Entertainment

Grammys 2019: NC winners take home the big prize in 3 categories

UNC professor and folklorist Bill Ferris creates a portrait of rural creativity

William Ferris’ “Voices of Mississippi” won a 2019 Grammy for Best Historical Album of the Year.
Up Next
William Ferris’ “Voices of Mississippi” won a 2019 Grammy for Best Historical Album of the Year.

The Triangle took home three Grammy Awards Sunday night

Former UNC professor William Ferris won for Best Historical Album for a project that represented his life’s work. Ferris, 76, won for “Voices of Mississippi: Artists and Musicians Documented by William Ferris,” a four-disc box set drawn from Ferris’ archive. “Voices” has discs devoted to blues, gospel and storytelling, as well as a DVD of some of Ferris’ films.

“Voices” won a second Grammy Award for Best Album Notes for David Evans’ liner notes in the 120-page hardback book that accompanies the package.

“We are absolutely thrilled that the ‘Voices of Mississippi’ will be heard and appreciated by future generations,” Ferris said Sunday in a quick email after the award was announced.

Meanwhile, Eric Oberstein, the acting director of Duke Performances, is taking home the Grammy for Best Latin Jazz Album. He produced Dafnis Prieto Big Band’s winning “Back to the Sunset.”

The 61st annual Grammy Awards telecast starts at 8 p.m. Eastern Time Sunday, Feb. 10, on CBS.

ENTER-MUS-GRAMMYS-55-LA.JPG
From left, Michael Graves, Bill Ferris, Steven Ledbetter and April Ledbetter arrive at the 61st Grammy Awards at Staples Center in Los Angeles on Sunday, Feb. 10, 2019. Marcus Yam TNS

Awards in numerous categories were given out during a pre-telecast portion at grammy.com.

Read Next

Here other awards with North Carolina connections we’re watching tonight.

J. Cole — The Fayetteville rapper shares the nomination for Best R&B Song for Miguel’s “Come Through and Chill.” He is also up for Best Rap/Sung Performance for contributing to 6lack’s “Pretty Little Fears.” Cole has had seven nominations over the years but has yet to win a Grammy.

The winners: Best Rap/Sung Preformances goes to “Boo’d Up,” Larrance Dopson, Joelle James, Ella Mai & Dijon McFarlane, songwriters (Ella Mai)

Childish Gambino took home the Best R&B Song for “This is America.”

Iron & Wine — Chapel Hill resident Sam Beam’s “Weed Garden” is up for Best Folk Album. This is his second nomination, following last year’s nod for Best Americana Album.

The winner: “All Ashore,” Punch Brothers

Dom Flemons — The former Carolina Chocolate Drop’s “Black Cowboys” is also nominated for Best Folk Album. He previously won a Grammy with the Chocolate Drops, Best Traditional Folk Album for 2010’s “Genuine Negro Jig.”

The winner: “All Ashore,” Punch Brothers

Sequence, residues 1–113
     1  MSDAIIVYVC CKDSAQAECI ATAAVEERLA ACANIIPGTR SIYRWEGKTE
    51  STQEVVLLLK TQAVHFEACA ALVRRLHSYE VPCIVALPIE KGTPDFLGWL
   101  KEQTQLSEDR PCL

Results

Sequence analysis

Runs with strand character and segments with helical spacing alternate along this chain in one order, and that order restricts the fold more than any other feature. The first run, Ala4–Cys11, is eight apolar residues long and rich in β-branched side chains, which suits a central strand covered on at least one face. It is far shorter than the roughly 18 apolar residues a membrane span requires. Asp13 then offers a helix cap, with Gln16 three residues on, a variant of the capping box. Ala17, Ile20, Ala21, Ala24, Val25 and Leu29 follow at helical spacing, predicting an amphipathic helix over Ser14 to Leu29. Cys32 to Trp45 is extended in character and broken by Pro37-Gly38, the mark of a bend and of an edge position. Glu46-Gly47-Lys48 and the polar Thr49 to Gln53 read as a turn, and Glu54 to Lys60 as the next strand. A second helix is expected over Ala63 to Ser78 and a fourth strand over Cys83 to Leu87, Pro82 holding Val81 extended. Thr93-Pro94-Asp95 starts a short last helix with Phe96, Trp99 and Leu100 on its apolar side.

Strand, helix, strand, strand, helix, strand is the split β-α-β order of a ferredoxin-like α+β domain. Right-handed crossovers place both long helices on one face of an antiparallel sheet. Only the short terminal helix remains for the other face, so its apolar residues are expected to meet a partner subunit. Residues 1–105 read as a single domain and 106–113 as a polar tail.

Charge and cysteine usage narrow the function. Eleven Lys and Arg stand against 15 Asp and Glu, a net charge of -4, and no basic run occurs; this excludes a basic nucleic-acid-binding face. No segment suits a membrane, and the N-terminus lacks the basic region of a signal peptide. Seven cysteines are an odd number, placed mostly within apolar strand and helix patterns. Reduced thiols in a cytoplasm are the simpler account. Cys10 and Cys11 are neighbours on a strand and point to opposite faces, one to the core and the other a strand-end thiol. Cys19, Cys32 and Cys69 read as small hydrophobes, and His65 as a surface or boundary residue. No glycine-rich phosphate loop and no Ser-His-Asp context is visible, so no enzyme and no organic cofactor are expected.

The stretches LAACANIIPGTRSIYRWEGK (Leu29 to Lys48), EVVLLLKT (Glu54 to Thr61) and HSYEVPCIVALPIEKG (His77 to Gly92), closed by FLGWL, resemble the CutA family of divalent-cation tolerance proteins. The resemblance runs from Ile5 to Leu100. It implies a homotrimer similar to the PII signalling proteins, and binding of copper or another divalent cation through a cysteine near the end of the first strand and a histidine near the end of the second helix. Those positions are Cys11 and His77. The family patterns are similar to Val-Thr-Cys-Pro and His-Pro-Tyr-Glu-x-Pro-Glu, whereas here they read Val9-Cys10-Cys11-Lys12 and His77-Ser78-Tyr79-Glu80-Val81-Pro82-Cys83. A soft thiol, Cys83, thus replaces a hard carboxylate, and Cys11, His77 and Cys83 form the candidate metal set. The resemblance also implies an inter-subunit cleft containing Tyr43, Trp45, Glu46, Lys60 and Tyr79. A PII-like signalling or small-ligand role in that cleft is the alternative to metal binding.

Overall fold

David Sedaris — Raleigh native’s “Calypso” is nominated for Best Spoken Word Album. This is his third spoken-word nomination, after 2009 and 2014.

The winner: “Faith – A Journey For All,” Jimmy Carter

Dafnis Prieto Big Band — Eric Oberstein of Durham, who is acting director of Duke Performances, produced the Cuban act’s “Back to the Sunset,” which is up for Best Latin Jazz Album. Oberstein has previously won four Grammys.

The winner: “Back to the Sunset”

Virtual Self — Chapel Hill’s Porter Robinson performs as the electronic-music deejay Virtual Self, nominated for Best Dance Recording for “Ghost Voices.”

The winner: “Electricity,” Silk City and Dua Lipa featuring Diplo and Mark Ronson

Between the Buried and Me — Raleigh band picked up its first nomination, for Best Metal Performance.

The winner: “Electric Messiah,” High on Fire

Kate McGarry with Keith Ganz & Gary Versace — The Durham residents are nominated for Best Jazz Vocal Album for “The Subject Tonight is Love”.

The winner: “The Window” — Cécile McLorin Salvant

Ferris was born and raised in Mississippi, growing up on a farm and working alongside people of color at a time when that was unusual. He began taking pictures and making recordings of vernacular artists at an early age, long before entering academia.

In the process, Ferris built an archive of Mississippi culture as wide and deep as any ever created.

“I did it for no reason other than love,” Ferris said. “It touched my heart and I felt these voices were significant and needed to be recorded, photographed, filmed. There was no such thing as the field of Southern studies back then. We had to invent the field as we moved along, and it’s a field that has taken on enormous energy and relevance.”

Related stories from Durham Herald Sun

David Menconi has covered music and the arts for The News & Observer since 1991. He can be reached at 919-829-4759 or dmenconi@newsobserver.com.
  Comments